This 90-minute scenic cruise, which offers rides through Dec. 31, takes guests down the Pawcatuck River into Little Narragansett Bay to see the winter harbor seals. “You can view the seals sunning on the rocks,” Patefield said. (Departs from Viking Marina at 19 Margin St., Westerly)


“There’s such a great diversity of tourism experiences there,” said Randy Fiveash, director of the Connecticut Office of Tourism. “Tourism in Connecticut is all about experiences.”


Fiveash recommended the following stops along the Connecticut coast.

Bruce Museum in Greenwich.

Explore the Mystic Seaport Museum.

Meander around this 19th-century seafaring village, complete with historic vessels and maritime exhibits. “It’s a working shipyard, ” said Fiveash. “It’s right on the water.” (75 Greenmanville Ave., Mystic)

View the largest outdoor beluga whale exhibit in the U.S. at the Mystic Aquarium.

Hold a crab, feed a stingray, and check out jellyfish, sea lions, penguins, and other sea life at the Mystic Aquarium. The aquarium also boasts the largest outdoor beluga whale exhibit in America, at 750,000 gallons. “This is just an unbelievable place,” Fiveash said. (55 Coogan Blvd., Mystic)

Visit the oldest steam powered cider mill in the country at BF Clyde’s Cider Mill in Mystic.

Enjoy free tastings and watch cider-making demonstrations at BF Clyde’s Cider Mill, the oldest steam-powered cider mill in the country. This winery produces cider, hard ciders, and apple wines. “I like their cider doughnuts,” Fiveash said. (129 North Stonington Road, Mystic)

Eat seafood along the water at Fresh Salt Restaurant in Old Saybrook.

Head to the Fresh Salt Restaurant, located inside the Saybrook Point Inn & Spa, for great seafood, Fiveash said. “The Fresh Salt Restaurant is a very cool restaurant right there on the water,” he said. (2 Bridge St., Old Saybrook)

Dine on a vineyard at Chamard Vineyards in Clinton.

The fun doesn’t have to end after you complete your wine tasting at Chamard Vineyards, part of the Connecticut Wine Trail. “They feature The Bistro, a French-inspired 35-seat restaurant,” Fiveash said. The farm-to-table restaurant offers a seasonal menu. (115 Cow Hill Road, Clinton)

Taste the wine at Bishop’s Orchards in Guilford.

When the picking season is over, you can still shop at Bishop’s Orchard, which is open all year. “They have a farm market and winery,” Fiveash said. Wine tastings are offered seven days a week without an appointment. (1355 Boston Post Road, Guilford)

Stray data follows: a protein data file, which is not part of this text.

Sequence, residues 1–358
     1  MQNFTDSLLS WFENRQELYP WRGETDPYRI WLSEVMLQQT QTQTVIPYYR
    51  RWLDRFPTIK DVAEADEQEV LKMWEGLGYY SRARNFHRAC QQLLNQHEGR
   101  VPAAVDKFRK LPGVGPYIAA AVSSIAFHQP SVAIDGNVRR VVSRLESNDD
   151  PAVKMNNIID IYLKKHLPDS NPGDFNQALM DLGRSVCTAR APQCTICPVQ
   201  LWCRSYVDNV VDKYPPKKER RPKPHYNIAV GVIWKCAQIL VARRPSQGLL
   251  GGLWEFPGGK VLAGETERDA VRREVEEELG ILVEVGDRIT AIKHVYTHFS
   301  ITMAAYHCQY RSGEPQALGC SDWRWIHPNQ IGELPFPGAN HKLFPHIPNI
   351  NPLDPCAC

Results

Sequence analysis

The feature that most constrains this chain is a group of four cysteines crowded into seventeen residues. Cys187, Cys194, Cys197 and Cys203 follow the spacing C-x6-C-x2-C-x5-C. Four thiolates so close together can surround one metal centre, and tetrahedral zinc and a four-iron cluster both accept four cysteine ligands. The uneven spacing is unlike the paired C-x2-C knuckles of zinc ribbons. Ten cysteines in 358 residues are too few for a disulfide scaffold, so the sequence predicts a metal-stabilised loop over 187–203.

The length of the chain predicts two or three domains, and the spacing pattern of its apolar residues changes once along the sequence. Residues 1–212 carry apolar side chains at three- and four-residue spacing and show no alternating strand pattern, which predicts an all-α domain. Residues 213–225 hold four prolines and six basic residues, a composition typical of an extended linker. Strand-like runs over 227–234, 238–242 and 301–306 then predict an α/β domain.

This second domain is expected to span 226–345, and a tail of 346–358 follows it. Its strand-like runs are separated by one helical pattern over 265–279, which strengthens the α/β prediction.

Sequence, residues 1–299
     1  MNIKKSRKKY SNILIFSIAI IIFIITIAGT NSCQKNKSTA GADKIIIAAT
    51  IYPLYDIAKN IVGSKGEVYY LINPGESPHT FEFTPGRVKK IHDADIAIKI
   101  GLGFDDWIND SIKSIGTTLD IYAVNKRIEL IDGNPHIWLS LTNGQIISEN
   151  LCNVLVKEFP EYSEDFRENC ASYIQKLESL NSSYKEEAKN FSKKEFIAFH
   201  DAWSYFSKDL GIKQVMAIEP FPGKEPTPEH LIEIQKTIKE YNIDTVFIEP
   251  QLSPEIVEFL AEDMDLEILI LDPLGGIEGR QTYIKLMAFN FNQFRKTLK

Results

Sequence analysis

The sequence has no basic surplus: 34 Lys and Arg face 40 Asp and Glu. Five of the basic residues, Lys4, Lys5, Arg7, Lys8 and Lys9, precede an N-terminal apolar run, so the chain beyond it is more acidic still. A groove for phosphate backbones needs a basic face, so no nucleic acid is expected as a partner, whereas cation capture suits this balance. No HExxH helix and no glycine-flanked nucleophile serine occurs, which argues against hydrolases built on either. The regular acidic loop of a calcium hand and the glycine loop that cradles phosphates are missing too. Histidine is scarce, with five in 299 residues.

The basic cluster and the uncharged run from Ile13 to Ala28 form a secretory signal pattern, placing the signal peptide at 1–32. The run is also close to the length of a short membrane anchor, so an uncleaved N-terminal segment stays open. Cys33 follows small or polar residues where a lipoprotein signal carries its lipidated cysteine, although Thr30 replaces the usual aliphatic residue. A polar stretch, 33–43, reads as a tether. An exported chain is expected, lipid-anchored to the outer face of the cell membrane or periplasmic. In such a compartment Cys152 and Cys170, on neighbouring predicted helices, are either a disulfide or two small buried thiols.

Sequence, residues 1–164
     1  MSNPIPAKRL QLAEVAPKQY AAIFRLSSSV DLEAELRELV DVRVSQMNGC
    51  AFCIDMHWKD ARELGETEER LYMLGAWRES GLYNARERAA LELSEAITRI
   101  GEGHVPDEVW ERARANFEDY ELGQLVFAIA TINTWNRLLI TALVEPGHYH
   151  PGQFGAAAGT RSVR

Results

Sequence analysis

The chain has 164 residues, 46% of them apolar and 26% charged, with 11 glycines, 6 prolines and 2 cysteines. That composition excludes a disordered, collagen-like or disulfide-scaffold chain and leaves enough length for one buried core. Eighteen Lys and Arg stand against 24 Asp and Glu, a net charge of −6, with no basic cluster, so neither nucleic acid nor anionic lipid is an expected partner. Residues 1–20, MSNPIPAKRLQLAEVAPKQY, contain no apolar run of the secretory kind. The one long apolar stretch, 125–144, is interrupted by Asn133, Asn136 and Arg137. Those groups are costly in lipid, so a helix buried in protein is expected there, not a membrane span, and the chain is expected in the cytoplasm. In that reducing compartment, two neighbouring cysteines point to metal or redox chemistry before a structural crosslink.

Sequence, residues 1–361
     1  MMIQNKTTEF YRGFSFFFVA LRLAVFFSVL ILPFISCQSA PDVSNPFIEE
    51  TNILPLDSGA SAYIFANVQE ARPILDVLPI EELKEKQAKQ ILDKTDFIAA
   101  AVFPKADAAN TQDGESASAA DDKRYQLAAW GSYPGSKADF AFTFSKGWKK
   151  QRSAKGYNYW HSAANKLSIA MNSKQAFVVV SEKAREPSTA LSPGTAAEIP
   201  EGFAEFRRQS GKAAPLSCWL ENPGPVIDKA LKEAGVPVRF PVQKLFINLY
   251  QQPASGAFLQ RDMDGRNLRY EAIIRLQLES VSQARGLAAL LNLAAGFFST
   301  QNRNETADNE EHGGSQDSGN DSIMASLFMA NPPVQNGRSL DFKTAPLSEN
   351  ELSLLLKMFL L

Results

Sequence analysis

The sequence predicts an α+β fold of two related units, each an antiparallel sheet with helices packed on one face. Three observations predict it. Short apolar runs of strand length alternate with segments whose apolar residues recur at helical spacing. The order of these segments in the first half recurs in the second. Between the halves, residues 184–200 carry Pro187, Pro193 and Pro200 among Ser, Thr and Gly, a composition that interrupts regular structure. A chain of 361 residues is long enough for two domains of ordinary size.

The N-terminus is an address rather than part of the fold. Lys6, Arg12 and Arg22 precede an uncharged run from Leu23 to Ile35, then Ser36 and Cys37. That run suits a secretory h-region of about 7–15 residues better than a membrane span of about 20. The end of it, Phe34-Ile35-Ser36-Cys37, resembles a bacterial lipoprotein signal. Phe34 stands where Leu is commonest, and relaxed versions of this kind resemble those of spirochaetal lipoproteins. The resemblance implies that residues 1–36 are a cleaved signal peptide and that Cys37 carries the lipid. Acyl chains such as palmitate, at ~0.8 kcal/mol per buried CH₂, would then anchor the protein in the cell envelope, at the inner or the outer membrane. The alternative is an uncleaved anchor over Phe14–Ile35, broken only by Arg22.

Order a beer at the Stony Creek Brewery in Branford.

At Stony Creek Brewery, guests can watch the canning and bottling lines right from the taproom. “They’re well known for their IPA beer,” said Fiveash. “In the cooler months, they have a roaring fireplace in the tasting room, which is really cool.” (5 Indian Neck Ave., Branford)

Take a historic ride at The Shoreline Trolley Museum in East Haven.

Admission to this museum, which boasts the oldest continuously running suburban trolley line in America, includes unlimited trips down the historic Branford Electric Railway Line on a streetcar. “You can take a scenic ride in a restored trolley car through the Branford salt marshes and then explore the museum,” Fiveash said. (17 River St., East Haven)

Explore Lighthouse Point Park in New Haven.

You’ll discover 82 acres of natural trails, bird sanctuaries, and an antique carousel that dates back to 1916 at this park along the Long Island Sound. “It’s a very cool park,” Fiveash said. Don’t forget to take photos of the Five Mile Point Lighthouse. (2 Lighthouse Point Terrace, New Haven)

Get up close with nature at the Connecticut Audubon Center’s Larsen Wildlife Sanctuary in Fairfield.

Get out and stretch your legs at seven miles of trails and boardwalks at the Connecticut Audubon Center’s Larsen Wildlife Sanctuary. “Hundreds of bird species have been spotted there, as well as other wildlife, including deer,” Fiveash said. (2325 Burr St., Fairfield)

View art at the Bruce Museum in Greenwich.

Peruse more than a dozen art, science, and natural history exhibits at this museum, which was originally built as a private home in 1853. “It’s a very classy, great art museum,” Fiveash said. (1 Museum Drive, Greenwich)